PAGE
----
MOSCOW (MRC) -- Brazil's sugar production in 2023/24 (April-March) is expected to be its largest ever in a season, with export volumes of the sweetener hitting a record high, as per Hydrocarbonprocessing.
Brazil's total sugar output, from all producing regions, was estimated at 42.7 million metric tons, 2.3 million tons more than Job Economia's initial estimate and compared to 37 million tons in 2022/23, as the weather has been near perfect this season for crop growth and processing.
"So far so good for the season, very good," said Julio Maria Borges, managing partner at Job Economia. The consultancy upgraded its projections for sugarcane processing and sugar production for both the Centre-South and Northeast regions in Brazil. It sees exports reaching a record high of 32.2 million tons in the season, 2.4 million tons more than its previous estimate and compared to 27.1 million tons in 2022/23.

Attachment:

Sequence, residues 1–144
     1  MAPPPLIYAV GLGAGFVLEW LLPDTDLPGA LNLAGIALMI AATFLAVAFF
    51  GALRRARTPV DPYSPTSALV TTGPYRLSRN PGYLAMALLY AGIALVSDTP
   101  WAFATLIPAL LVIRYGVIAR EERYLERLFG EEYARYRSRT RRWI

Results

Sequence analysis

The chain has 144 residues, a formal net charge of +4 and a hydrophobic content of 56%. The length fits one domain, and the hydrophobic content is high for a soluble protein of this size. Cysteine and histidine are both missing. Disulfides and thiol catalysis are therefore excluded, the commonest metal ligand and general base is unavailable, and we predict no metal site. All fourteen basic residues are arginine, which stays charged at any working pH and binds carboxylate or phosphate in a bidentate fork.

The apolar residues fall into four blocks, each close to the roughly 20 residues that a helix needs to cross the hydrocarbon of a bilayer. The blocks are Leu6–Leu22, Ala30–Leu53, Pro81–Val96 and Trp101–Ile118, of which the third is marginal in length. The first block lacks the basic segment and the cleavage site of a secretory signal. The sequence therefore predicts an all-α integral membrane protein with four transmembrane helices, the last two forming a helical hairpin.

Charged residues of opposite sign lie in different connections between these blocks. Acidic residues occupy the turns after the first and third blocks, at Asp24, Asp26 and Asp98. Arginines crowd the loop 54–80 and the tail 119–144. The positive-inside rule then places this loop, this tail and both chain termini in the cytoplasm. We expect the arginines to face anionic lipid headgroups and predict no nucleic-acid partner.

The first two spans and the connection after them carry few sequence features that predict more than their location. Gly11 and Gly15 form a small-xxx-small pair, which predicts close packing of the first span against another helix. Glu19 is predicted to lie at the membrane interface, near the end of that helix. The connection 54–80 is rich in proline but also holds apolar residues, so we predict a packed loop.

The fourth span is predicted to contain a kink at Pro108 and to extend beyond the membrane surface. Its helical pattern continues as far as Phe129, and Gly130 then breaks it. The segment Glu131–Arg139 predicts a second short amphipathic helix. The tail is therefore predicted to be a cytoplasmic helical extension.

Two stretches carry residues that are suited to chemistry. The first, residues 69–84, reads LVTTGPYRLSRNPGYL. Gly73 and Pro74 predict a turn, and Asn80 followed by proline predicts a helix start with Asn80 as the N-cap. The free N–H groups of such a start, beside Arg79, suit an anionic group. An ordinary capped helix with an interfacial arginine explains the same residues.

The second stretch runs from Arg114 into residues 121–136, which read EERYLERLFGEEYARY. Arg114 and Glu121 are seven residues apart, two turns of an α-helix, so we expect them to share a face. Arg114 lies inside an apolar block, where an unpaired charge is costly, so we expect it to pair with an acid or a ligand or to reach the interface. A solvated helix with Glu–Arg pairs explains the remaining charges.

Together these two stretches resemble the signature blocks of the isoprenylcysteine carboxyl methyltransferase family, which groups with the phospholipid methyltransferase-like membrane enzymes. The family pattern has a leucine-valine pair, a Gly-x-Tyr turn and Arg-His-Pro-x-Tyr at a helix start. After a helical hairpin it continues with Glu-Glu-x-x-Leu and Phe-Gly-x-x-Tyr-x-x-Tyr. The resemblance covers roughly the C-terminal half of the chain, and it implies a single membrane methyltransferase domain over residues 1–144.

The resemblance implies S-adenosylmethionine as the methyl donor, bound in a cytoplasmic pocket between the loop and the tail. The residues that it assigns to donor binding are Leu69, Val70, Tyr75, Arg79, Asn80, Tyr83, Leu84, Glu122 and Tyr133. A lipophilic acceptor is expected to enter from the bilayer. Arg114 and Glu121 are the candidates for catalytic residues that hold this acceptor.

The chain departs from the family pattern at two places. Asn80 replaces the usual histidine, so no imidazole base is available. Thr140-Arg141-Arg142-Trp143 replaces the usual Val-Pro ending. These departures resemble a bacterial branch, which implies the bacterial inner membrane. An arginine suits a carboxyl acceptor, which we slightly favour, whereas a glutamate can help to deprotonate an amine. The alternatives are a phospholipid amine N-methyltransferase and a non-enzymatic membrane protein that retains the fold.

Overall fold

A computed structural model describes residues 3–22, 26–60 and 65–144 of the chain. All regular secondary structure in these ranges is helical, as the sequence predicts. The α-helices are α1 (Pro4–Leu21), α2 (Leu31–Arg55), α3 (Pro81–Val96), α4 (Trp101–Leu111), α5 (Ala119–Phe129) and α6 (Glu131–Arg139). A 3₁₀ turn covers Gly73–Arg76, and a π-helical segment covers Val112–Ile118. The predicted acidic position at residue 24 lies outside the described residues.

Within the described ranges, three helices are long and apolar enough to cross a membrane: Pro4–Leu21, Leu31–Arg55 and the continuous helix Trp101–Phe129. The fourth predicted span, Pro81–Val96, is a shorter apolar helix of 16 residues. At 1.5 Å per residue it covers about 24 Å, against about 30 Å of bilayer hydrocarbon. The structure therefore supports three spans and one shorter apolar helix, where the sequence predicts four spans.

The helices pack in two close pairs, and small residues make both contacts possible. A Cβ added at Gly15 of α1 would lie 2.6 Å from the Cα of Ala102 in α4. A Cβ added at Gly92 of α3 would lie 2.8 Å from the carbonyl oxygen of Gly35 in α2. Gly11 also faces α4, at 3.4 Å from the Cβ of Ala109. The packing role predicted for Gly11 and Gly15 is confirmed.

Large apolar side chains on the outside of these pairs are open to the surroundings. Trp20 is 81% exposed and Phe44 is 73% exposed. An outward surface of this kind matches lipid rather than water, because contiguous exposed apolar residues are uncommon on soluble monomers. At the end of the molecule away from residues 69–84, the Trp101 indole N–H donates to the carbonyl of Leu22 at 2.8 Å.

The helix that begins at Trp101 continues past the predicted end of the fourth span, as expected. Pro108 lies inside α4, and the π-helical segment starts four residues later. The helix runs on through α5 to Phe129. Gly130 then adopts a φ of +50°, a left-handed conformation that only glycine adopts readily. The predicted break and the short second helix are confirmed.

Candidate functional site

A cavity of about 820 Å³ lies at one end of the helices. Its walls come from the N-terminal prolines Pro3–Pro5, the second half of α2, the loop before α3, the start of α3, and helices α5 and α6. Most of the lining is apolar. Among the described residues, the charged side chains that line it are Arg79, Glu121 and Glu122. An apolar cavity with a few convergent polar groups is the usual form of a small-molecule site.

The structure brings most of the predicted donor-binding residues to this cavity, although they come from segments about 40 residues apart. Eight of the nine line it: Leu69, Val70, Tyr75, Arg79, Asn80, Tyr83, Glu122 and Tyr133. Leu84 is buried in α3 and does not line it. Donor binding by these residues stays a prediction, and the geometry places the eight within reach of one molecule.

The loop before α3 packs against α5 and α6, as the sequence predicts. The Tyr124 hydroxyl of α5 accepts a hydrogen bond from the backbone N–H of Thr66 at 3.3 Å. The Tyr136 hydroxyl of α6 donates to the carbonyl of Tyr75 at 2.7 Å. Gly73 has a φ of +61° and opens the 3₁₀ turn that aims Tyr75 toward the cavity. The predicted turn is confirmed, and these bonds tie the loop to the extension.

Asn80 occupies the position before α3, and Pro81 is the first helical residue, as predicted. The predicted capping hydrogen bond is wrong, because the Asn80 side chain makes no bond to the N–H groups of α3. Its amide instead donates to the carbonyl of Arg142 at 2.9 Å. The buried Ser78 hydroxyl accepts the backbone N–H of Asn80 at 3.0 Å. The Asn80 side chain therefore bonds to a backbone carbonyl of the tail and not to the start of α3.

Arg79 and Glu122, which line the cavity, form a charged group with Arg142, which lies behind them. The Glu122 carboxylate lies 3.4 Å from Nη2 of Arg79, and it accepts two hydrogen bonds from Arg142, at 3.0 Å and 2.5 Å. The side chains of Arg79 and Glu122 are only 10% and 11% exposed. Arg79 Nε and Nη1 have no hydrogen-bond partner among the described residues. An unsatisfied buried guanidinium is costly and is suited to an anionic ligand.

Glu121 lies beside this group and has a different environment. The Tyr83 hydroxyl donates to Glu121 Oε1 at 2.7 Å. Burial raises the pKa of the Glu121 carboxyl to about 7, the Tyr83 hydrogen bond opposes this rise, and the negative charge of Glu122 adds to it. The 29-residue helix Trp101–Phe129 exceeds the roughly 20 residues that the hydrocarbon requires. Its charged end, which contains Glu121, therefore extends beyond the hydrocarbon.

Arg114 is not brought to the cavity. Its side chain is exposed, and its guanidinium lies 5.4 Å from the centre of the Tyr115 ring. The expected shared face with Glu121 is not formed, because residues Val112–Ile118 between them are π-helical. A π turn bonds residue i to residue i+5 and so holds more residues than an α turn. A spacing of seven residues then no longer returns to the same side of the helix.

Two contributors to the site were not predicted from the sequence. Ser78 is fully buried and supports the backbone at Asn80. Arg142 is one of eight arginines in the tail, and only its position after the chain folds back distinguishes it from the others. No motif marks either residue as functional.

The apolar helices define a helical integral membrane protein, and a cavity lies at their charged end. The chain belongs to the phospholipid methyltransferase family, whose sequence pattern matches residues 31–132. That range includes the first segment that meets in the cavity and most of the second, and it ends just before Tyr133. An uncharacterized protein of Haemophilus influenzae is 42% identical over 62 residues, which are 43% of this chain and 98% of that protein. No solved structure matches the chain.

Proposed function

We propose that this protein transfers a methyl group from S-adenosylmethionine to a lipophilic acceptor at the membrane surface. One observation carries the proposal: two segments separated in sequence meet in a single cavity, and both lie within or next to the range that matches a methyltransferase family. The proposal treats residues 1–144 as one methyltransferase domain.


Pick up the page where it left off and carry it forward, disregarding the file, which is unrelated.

"That will account for around 50% of the global trade of sugar," Borges said. The rise in Brazil's projected production and exports of the sweetener coincides with weather problems in sugar-producing rivals India and Thailand, which are expected to have only limited amounts to export.
Mills in Brazil are allocating a near record amount of sugarcane to make sugar, and less so to produce ethanol, as the prices for the sweetener are higher. Job Economia projected total ethanol output at 32.9 billion liters, 600 million liters less than initially expected. Brazil produced 31.2 billion liters in the past season.
The corn-based share of the fuel, however, is seen growing 25% this season to 5.5 billion liters. It already accounts for 20% of the country's total ethanol production, which in the past was entirely made from sugarcane.
We remind, Venezuela is not willing to halt productive operations during contract audits that have led to the arrest of businessmen and officials, and to disputes with customers and partners of state company PDVSA. In June, a contract between PDVSA and Maroil Trading, a Geneva-based company owned by Venezuelan tycoon Wilmer Ruperti, became entangled in a dispute over payments, triggering the suspension of most exports of petroleum coke from the South American country.